Evidence of slave life found at Eastern Shore estat





One day more than two centuries ago, a Maryland slave of West African descent took a smooth stone he had probably found in a ploughed field and slid it between the bricks of a furnace he was building.

The slave might have believed, as West Africa's Yoruba culture held, that such stones had connections to Eshu-Elegba, the deity of fortune, and were left behind like mystical calling cards after a lightning strike.

The bond servant sealed the stone into the brickwork, where it would stay for generations, an artifact of the enslaved man as much as the god whose favor he sought.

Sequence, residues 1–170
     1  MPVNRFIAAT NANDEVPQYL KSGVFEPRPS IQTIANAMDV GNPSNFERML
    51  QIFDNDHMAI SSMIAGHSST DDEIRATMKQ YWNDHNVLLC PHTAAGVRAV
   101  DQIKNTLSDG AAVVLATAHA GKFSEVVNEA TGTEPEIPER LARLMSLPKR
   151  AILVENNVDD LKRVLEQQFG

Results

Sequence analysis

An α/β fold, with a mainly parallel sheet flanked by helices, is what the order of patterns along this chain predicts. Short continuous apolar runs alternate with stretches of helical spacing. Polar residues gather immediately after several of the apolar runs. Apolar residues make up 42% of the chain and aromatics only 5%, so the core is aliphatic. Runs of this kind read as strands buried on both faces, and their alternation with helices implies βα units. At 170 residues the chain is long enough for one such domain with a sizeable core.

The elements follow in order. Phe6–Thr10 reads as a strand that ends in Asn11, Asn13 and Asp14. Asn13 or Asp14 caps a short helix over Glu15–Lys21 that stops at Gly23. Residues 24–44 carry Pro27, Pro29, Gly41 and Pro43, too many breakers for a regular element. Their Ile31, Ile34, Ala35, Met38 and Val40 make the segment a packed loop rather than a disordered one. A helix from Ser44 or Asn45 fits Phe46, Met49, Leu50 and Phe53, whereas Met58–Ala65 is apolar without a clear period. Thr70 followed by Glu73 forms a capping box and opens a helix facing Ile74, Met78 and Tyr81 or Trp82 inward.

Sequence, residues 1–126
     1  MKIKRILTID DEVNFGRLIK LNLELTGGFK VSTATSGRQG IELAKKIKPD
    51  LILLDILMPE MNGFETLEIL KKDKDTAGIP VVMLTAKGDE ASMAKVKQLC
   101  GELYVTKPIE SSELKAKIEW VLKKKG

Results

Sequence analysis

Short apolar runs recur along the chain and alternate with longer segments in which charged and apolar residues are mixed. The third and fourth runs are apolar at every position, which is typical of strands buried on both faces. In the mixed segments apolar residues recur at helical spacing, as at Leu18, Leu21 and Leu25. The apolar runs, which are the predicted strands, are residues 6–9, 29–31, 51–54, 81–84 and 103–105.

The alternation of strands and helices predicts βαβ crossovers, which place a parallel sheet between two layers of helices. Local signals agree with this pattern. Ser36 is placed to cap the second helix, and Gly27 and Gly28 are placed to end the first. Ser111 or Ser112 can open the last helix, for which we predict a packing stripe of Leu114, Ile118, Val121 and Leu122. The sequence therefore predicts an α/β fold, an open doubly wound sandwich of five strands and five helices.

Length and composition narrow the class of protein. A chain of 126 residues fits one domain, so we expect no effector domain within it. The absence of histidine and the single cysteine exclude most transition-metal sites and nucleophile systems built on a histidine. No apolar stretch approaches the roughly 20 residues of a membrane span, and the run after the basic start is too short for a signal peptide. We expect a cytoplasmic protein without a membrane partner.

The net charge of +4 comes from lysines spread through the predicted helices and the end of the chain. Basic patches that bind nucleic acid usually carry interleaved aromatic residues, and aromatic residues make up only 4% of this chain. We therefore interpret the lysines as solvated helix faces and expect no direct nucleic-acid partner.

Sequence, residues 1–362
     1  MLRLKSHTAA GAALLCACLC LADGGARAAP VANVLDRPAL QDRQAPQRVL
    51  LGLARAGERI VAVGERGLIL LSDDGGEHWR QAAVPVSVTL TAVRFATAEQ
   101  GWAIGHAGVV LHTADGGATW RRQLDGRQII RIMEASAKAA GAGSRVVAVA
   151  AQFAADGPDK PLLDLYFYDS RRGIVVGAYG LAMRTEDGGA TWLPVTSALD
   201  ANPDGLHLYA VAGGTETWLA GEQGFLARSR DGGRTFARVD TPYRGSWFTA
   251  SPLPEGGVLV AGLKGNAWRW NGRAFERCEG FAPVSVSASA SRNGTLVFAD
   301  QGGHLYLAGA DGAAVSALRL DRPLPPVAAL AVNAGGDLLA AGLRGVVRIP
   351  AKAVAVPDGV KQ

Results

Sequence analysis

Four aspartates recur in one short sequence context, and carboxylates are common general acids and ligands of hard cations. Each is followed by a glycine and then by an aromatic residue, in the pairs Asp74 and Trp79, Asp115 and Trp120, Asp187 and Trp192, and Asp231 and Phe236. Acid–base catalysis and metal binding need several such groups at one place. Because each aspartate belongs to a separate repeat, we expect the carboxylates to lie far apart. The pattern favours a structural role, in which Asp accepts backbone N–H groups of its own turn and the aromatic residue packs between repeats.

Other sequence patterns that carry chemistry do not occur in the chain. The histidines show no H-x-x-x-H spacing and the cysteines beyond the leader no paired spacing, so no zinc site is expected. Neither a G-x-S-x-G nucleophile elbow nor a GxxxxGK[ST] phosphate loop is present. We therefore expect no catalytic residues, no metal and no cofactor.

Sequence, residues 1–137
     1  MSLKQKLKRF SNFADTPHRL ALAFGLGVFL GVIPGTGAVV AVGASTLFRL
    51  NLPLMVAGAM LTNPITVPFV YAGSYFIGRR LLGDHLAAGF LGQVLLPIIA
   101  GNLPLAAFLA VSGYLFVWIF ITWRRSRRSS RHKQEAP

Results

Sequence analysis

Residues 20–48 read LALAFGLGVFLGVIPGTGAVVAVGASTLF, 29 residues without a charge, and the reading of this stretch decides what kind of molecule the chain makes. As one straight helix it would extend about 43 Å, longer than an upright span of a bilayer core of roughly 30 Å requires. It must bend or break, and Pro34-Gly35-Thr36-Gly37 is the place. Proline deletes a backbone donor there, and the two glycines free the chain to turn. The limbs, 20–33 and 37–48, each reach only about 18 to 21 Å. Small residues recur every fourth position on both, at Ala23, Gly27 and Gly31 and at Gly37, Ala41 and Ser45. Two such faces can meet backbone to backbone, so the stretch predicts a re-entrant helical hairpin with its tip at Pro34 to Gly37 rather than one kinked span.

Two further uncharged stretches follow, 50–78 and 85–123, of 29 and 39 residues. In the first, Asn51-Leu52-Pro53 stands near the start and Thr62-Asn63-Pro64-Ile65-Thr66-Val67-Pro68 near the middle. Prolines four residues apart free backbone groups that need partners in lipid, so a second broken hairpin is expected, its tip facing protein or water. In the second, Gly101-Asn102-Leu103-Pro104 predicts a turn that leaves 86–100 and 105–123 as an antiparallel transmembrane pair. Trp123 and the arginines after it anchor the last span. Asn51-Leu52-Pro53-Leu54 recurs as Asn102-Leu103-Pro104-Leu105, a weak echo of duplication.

On Monday the University of Maryland will unveil, among other things, details of the stone's discovery at the famous Wye House "orangery" - a jewel of European architecture, now found to have imprints of the slaves who built it.

The discoveries were made over the past few years by a team headed by anthropology professor Mark Leone on an Eastern Shore estate where abolitionist Frederick Douglass once was a slave.

The team also found West African-style charms buried at the entrance to what turned out to be the slave quarters at the orangery, which was a state-of-the art greenhouse, and pollen from exotic plants the slaves used....

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